This post is written by a guest contributor—Derek, my husband. Enjoy!
Home is different for everyone. Home can be a big house or a tiny apartment. Home can be a temporary location, like a vacation in the mountains, or permanent, if you are so lucky. And everyone isn’t. Home is where the heart is, as they say. But what makes a home?
I think it’s the people, not the place. Stepping over that threshold evokes a special feeling like no other, made greater by who is on the other side. And a door is there to close behind you. A door is the first and last thing you touch when making the transition between the outside world and your home. A door leaves it all behind, if you allow it. It protects. It welcomes. It keeps the world outside. Maybe that’s why I’m drawn to doors so much. They seem to speak to me in their uniqueness, and because I find myself imagining the life behind each of them.
Last year, when Kathryn and I first moved to the Park Slope neighborhood in Brooklyn, I found myself always noticing others’ front doors as we walked around. With each new section of Brooklyn we discovered, the doors stood out, particularly in the older sections of Brooklyn—Brooklyn Heights, a neighborhood full of gorgeous, old brownstones from the 18-1900’s, for one. The doors were beautiful, each one being unique. They were all so colorful and inviting. Yet, more than that, they all seemed to say something different—happy, serious, quirky, sophisticated or modern. All were characteristically Brooklyn, of course, which I loved.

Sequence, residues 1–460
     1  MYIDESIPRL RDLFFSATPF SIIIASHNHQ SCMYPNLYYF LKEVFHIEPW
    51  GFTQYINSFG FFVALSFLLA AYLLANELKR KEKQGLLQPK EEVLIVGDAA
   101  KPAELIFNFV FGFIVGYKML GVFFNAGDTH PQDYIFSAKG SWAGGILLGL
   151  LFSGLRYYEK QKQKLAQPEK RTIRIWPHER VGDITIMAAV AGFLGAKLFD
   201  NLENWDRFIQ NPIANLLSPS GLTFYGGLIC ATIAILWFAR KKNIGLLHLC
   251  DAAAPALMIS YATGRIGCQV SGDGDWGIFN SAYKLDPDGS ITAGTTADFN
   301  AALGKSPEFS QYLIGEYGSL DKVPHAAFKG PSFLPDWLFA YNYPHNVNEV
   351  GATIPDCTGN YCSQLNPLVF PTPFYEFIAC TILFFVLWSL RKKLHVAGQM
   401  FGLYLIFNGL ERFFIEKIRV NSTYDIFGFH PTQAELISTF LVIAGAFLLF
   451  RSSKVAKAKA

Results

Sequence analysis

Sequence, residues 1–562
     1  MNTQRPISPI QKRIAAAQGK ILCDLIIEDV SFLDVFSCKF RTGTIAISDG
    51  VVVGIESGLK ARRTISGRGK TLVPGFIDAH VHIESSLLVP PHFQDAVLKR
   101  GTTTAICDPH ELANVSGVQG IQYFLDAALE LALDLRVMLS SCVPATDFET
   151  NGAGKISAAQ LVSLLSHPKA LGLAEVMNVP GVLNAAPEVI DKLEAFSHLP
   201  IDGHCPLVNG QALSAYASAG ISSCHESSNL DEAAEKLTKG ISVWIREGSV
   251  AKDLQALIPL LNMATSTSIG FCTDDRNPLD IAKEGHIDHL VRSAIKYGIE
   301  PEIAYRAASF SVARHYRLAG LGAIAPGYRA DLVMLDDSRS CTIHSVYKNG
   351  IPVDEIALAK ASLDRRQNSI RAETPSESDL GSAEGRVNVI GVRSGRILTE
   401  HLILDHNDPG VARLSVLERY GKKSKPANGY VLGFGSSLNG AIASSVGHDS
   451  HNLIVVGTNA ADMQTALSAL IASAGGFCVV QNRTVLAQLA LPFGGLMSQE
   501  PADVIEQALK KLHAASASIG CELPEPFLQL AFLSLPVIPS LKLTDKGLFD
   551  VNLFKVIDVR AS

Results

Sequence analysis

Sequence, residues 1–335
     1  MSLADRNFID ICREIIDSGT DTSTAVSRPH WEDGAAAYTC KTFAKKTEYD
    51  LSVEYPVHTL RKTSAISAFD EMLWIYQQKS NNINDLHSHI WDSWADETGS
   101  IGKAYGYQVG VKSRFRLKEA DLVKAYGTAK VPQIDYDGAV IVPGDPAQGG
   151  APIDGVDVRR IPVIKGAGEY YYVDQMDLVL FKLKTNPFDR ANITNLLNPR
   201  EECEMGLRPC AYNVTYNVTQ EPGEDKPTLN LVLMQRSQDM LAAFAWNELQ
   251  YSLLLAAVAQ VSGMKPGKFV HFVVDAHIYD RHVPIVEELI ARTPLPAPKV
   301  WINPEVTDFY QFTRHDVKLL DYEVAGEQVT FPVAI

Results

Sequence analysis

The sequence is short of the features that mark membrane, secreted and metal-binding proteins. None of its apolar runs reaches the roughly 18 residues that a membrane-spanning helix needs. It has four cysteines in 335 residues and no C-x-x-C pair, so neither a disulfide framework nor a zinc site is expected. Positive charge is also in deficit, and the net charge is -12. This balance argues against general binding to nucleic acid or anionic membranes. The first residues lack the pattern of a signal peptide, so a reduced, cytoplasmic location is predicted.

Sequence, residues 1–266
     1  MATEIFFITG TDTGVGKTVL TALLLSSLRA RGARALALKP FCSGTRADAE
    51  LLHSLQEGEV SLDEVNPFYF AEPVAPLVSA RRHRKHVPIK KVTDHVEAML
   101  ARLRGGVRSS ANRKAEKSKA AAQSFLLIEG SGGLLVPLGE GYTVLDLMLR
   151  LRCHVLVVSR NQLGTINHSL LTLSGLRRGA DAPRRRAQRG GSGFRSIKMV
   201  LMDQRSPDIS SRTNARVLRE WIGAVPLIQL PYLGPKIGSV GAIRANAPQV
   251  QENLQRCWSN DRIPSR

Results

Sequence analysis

So, I grabbed my camera and started shooting everywhere we went. The collection grew and grew over the course of a year, and now that we have moved from Brooklyn, I love these images even more. Below are a few of my favorites from different seasons and areas all intertwined in Brooklyn.
Through this moving process I’ve come to realize that the best door of all is your own. Behind that front door is a place of comfort—a space where you can truly be yourself. I once read in a book that, for better or worse, we are different people in different places.
As Kathryn and I make this move to San Francisco, first we will experience many temporary homes as we travel across Europe. With each new city and each new Airbnb apartment, we will make it our home, even if only temporary. I guess what I’m trying to say is home can be anywhere as long as you have people around you who you love.
We’ll certainly miss our home in Brooklyn, but we both are looking forward to finding a new one soon enough in San Francisco.